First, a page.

Home Government policy Coronavirus Should I Wait Until Covid Is Gone Before I Sell My Home?

Should I Wait Until Covid Is Gone Before I Sell My Home?

should i wait to sell?

Despite a third national lockdown, the UK government has stated that the property industry, including the housing market, can remain up and running. This means you are able to sell your home right now. But is it safe to do so? Or is it better to wait?

There is a reasonable school of thought which says, now that we have two Covid-19 vaccines being rolled out to the public, it’s best to wait until Covid is dead and gone before putting your home on the market. Better safe than sorry.

However, with the housing market busier than ever and average values at an all time high, if you wait too long to put your home on the market, you risk missing out on a substantial amount of money should prices fall from where they are.

With valid arguments on both sides, it’s worth diving down and examining some specific aspects of the issues in more detail.  Starting with whether or not it can be considered safe to put your home on the market right now. 

Does the home selling process put me at risk?

We believe that, when done correctly, it is safe to sell your home today. There will, however, be some added inconvenience.

All estate agents have been given clear guidance on the safety measures they should be taking when conducting viewings of your home. You should be given a copy of this guidance.  To ensure that viewings are safe, the number of people in your home at any one time should be kept to a minimum – the agent and one or two viewers, so long as the viewers are members of the same household.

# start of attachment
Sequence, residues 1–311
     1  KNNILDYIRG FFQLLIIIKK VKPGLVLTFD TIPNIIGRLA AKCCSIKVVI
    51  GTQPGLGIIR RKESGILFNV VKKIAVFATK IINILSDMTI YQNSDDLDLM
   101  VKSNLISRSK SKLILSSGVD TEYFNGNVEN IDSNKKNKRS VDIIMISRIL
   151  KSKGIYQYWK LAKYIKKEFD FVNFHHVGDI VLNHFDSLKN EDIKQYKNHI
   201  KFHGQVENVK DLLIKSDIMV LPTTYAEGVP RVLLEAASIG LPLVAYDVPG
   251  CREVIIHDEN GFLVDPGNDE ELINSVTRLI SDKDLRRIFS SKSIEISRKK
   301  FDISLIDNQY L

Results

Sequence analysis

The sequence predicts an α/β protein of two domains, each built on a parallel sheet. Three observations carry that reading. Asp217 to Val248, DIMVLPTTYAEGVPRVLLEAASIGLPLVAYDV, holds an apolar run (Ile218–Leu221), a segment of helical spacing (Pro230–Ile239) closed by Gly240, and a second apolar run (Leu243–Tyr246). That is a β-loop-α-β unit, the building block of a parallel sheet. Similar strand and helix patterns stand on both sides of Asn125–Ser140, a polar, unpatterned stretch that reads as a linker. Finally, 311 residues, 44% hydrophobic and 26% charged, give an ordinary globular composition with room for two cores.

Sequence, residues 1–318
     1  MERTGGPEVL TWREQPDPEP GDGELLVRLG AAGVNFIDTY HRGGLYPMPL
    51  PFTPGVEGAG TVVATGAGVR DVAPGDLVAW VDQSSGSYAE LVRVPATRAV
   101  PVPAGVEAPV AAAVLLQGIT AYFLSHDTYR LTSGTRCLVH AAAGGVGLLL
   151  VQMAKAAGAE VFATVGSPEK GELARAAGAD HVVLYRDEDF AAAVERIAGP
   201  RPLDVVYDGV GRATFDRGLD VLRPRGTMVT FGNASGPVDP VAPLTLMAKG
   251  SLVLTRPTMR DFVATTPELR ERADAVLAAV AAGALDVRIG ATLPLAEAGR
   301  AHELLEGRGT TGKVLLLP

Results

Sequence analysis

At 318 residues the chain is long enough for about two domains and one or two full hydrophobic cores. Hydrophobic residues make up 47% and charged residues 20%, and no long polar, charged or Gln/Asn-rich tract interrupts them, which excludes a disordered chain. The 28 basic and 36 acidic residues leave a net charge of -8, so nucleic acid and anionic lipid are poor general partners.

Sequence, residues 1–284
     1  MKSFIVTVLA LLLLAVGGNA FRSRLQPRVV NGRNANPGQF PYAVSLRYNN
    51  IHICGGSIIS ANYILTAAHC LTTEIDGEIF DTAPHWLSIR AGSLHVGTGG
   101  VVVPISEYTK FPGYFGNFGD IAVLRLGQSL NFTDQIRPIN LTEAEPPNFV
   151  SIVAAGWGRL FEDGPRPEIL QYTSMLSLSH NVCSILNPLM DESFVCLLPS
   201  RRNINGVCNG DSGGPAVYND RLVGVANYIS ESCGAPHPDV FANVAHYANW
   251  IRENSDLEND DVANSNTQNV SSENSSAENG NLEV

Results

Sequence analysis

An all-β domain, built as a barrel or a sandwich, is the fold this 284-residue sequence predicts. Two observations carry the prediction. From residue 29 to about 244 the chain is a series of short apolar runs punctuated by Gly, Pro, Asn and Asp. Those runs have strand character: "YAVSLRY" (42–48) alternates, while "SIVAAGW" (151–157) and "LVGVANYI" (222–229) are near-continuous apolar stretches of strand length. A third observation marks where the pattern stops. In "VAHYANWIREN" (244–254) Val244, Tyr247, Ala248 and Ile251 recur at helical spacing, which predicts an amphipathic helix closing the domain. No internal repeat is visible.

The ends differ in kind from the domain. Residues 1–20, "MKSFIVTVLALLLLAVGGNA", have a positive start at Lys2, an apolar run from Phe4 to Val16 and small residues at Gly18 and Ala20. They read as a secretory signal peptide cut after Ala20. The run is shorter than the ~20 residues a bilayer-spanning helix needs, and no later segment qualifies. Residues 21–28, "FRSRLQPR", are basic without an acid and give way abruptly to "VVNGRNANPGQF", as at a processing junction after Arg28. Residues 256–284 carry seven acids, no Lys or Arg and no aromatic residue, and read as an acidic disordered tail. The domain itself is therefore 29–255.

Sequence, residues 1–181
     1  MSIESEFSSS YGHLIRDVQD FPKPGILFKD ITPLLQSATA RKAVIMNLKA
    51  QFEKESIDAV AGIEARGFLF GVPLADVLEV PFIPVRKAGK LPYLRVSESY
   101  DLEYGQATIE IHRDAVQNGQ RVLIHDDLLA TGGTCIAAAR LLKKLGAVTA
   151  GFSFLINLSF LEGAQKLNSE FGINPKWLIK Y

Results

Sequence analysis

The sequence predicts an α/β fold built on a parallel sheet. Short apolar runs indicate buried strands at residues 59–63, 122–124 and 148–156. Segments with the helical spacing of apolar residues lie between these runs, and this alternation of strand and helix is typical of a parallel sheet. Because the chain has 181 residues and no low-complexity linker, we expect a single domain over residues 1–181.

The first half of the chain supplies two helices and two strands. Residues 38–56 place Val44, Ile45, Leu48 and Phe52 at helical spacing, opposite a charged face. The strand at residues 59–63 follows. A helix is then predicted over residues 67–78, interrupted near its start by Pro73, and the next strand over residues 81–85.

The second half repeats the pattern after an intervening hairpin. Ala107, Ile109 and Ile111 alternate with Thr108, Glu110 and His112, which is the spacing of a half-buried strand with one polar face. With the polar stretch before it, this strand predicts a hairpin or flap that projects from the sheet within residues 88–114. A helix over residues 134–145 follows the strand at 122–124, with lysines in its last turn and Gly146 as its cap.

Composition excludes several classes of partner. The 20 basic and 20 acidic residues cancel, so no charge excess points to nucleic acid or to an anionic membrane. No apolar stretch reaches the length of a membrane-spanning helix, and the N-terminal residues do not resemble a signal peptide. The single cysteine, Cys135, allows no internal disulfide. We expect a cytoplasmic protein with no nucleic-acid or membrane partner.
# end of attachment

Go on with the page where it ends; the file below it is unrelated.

The agent must provide masks for everyone, should they not bring their own. The agent should have hand sanitiser and sanitiser spray, being sure to use both liberally. All doors should be left open throughout the home to minimise surface contact and guests should be careful not to touch anything at all. If they do, the agent must clean it.

Basically, your agent is responsible for the safety of everyone involved, including you. When they act correctly, the whole process should be almost risk free (but not entirely risk free).

Will house prices fall if I wait to sell?

Prices are at an all time high. The average UK home now costs more than £250,000 for the first time on record. This is due to extraordinary buyer demand as people seek to take advantage of the government’s stamp duty holiday.

This holiday is scheduled to end on March 31st. The pandemic is not expected to be over by then. It’s not even certain that lockdown will be over by then. So, if you’re waiting for it to be 100% safe to sell your home, the holiday may be over and demand may have dropped.

Basic laws of commerce tell us that less demand equals lower value. There is, however, a chance that the government will extend the SDLT holiday beyond March. They have already demonstrated how important they believe housing to be to the UK economy in this difficult time by allowing the industry to remain open. It’s reasonable to think they might extend the holiday if they believe it will bolster the economy.